If you can’t find the you in the story, then it has no personal meaning for you. That’s an important discovery, because then you should immediately walk away from it. Don’t be lured into sticking with it by inertia or the sad faces of disappointed friends. They’ll find someone else.
The motion pictures I have made and the plays I have chosen to direct represent my convictions.
The writer, when he is also an artist, is someone who admits what others don’t dare reveal.
The ideal job of the storyteller is to involve the audience emotionally with something right off the bat, then get the chain of inevitable cause and effect rolling so that before the audience knows it, they are going through exactly what the character is going through. They feel with!! They are involved. They suffer and sigh with relief. They are actively and emotionally interested.
Sentimentality is the enemy of drama. It waters down the conflict. It is the sister of self-pity. Last five minutes of East of Eden. Now you know that the old man would have died without a kind word for Dean – and that the kid would have to spend a long time climbing back. Toughness fills an audience with the greatest of all theatre emotions – awe!
The best rule of screen and play writing was given to me by John Howard Lawson, a one time friend. Its simple: unity from climax. Everything should build to the climax. But all I know about script preparation urges me to make no rules, although there are some hints, tools of the trade, that have been useful for me. One of these is “Have your central character in every scene.” This is a way of ensuring unity to the work and keeping the focus sharp. Another is: “Look for the contradictions in every character, especially in your heroes and villains. No one should be what they first seem to be. Surprise the audience.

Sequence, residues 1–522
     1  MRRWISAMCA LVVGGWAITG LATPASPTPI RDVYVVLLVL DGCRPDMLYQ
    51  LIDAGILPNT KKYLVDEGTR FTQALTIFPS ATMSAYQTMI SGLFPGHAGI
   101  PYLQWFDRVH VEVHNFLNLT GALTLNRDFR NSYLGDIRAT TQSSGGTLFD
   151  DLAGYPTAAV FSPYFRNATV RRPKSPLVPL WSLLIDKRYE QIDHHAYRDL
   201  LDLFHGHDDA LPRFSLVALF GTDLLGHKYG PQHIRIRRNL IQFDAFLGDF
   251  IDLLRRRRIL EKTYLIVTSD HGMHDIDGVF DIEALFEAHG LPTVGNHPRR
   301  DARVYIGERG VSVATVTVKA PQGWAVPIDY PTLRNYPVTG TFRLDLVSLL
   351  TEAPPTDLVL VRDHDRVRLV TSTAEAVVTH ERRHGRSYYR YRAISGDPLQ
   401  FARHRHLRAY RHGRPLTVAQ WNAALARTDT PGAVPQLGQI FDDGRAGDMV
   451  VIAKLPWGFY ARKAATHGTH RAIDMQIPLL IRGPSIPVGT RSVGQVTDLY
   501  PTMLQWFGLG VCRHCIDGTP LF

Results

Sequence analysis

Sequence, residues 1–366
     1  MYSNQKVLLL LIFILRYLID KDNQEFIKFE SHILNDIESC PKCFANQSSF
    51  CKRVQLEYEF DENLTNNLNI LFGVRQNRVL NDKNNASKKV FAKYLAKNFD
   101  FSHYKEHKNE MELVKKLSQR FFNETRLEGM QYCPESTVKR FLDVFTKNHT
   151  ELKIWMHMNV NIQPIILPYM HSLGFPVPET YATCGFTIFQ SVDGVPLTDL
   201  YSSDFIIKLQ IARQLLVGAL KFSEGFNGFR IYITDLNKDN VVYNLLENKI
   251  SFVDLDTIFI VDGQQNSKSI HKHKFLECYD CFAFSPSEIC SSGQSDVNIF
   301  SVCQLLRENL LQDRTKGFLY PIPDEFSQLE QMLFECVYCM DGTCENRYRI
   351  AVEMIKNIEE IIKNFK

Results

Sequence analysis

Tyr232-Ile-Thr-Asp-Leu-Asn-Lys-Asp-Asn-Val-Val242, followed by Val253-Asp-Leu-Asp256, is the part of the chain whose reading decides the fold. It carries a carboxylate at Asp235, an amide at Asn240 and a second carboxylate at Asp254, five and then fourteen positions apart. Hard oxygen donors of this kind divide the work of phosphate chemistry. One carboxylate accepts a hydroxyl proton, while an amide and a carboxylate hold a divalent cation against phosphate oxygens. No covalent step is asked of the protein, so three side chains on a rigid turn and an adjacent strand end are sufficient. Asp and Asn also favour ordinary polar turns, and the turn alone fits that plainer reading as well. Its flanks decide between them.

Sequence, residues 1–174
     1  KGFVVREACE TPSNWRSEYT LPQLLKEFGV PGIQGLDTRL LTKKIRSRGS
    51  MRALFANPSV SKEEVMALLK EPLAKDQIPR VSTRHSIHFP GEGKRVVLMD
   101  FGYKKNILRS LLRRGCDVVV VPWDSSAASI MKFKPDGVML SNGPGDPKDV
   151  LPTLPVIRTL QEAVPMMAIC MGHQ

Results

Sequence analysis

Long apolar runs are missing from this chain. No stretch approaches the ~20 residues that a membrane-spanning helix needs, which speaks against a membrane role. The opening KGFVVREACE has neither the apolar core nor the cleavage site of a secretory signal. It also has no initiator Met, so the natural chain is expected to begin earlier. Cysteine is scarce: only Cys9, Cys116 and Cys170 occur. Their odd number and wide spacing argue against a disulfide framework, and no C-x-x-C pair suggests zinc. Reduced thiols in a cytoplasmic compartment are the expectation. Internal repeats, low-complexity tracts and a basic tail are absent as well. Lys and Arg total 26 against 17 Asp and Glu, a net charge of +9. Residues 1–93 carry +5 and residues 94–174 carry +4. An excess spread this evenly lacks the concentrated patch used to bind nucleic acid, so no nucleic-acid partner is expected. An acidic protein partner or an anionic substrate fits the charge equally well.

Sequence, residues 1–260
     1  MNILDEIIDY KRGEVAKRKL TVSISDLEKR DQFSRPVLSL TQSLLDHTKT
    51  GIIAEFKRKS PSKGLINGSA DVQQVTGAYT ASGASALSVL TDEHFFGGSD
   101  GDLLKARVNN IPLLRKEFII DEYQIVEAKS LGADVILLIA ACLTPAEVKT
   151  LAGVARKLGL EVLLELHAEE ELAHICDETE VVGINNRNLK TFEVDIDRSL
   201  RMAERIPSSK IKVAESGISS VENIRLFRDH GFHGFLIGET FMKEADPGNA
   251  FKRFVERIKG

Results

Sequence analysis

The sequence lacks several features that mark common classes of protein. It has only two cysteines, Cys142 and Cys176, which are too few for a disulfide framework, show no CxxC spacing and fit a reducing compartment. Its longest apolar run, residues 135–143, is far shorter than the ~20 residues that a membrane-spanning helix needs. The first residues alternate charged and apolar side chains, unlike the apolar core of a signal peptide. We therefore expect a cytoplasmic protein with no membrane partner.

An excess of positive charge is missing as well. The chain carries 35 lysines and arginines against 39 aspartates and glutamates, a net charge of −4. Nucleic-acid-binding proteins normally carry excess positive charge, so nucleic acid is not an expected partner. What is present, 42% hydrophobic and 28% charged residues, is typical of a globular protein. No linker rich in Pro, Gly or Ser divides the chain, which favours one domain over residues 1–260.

A film script is more architecture than literature. This will get my friends who are writers mad, but its the truth: The director tells the movie story more than the man who writes the dialogue. The director is the final author, which is the reason so many writers now want to become directors. Its all one piece. Many of the best films ever made can be seen without dialogue and be perfectly understood. The director tells the essential story with pictures.
A screenplays worth has to be measured less by its language than by its architecture and by how that dramatizes the theme. A screenplay, we directors soon enough learn, is not a piece of writing so much as it is a construction. We learn to feel for the skeleton under the skin of words.
Working with Actors
In general, actors or actresses must have the art in the accumulation of their past. Their life’s experience is the director’s material. They can have all the training, all the techniques their teachers have taught them – private moments, improvisations, substitutions,associative memories, and so on – but if the precious material is not within them, the director cannot get it out. That is why it’s so important for the director to have an intimate acquaintance with the people he casts in his plays. If it’s “there,” he has a chance of putting it on the screen or on the stage. If not, not.
The thing about Brando was that I’d make these directions, and he’d walk away. He’d heard enough… to get the machine going.
Stylized acting and direction is to realistic acting and direction as poetry is to prose.
The physical life of the scene is determined by whether the set squeezes people together or whether the set has an escape place in it.